- GDP (PPP):
- $32.9 billion
- 4.6% 5-year compound annual growth
- $1,310 per capita
- Inflation (CPI):
- Public Debt:
Niger’s economic freedom score is 53.7, making its economy the 126th freest in the 2023 Index. Its score is 1.2 points lower than last year. Niger is ranked 23rd out of 47 countries in the Sub-Saharan Africa region, and its overall score is below the world average but above the regional average.
Progress toward greater economic freedom has been uneven and sluggish. Institutional weaknesses continue to discourage macroeconomic stability and poverty reduction. In particular, the rule of law, a key foundation of economic freedom, remains fragile because of corruption and an inept judicial system that is subject to political interference.
After independence from France in 1960, a single-party military regime ruled Niger until elections led to democratic government in 1993. Mohamed Bazoum won a five-year term as president in a disputed 2021 election. Together, his Nigerien Party for Democracy and Socialism (PNDS) and the Movement for the Rebirth of Niger constitute a parliamentary majority. Challenges include a restive Tuareg population in the North, spillover violence from conflicts in Libya and Mali, and terrorist groups linked to al-Qaeda and the Islamic State. Niger has some of the world’s largest uranium deposits, but its economy is centered on subsistence crops and livestock.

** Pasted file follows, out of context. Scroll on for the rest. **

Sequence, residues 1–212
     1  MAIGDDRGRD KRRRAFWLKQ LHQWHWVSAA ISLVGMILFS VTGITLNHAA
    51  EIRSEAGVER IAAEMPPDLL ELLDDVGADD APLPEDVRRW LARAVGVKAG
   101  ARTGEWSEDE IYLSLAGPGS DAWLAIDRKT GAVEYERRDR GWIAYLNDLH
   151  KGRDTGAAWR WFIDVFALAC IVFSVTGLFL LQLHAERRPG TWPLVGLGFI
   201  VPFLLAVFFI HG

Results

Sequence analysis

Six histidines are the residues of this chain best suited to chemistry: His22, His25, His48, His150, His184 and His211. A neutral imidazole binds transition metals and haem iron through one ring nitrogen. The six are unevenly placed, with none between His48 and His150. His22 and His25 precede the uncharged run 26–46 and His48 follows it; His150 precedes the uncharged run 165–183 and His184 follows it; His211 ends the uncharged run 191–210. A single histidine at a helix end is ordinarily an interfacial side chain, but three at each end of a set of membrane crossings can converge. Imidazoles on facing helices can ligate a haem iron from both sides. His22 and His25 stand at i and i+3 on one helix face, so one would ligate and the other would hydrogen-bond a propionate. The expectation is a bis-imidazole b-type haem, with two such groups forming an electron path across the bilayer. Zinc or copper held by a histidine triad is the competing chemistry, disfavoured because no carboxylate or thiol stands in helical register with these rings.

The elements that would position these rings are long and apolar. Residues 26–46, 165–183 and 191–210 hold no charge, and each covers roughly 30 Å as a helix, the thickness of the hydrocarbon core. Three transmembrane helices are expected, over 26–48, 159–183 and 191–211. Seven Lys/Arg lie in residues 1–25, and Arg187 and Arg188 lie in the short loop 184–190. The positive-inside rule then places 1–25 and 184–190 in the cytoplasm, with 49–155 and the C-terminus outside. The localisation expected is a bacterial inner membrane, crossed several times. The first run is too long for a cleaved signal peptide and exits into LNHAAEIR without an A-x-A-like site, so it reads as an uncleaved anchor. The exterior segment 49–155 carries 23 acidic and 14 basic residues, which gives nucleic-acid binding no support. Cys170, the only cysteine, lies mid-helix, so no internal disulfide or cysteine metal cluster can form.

Rule of Law
The overall rule of law is weak in Niger. The country’s property rights score is below the world average; its judicial effectiveness score is below the world average; and its government integrity score is below the world average.
The top individual and corporate tax rates are, respectively, 35 percent and 30 percent. The tax burden equals 10.4 percent of GDP. Three-year government spending and budget balance averages are, respectively, 22.9 percent and –4.9 percent of GDP. Public debt equals 51.2 percent of GDP.
The inadequate regulatory framework hampers private-sector development. Onerous and inconsistent regulations impose substantial costs on business operations. With the labor market poorly developed, much of the labor force works in the informal sector. The most recent available inflation rate is 3.8 percent.
The trade-weighted average tariff rate is 11.0 percent. The inefficient regulatory and legal environment constrains trade and investment. The underdeveloped, weak, and fragmented financial system reflects the small size of the formal economy. Financial inclusion is low.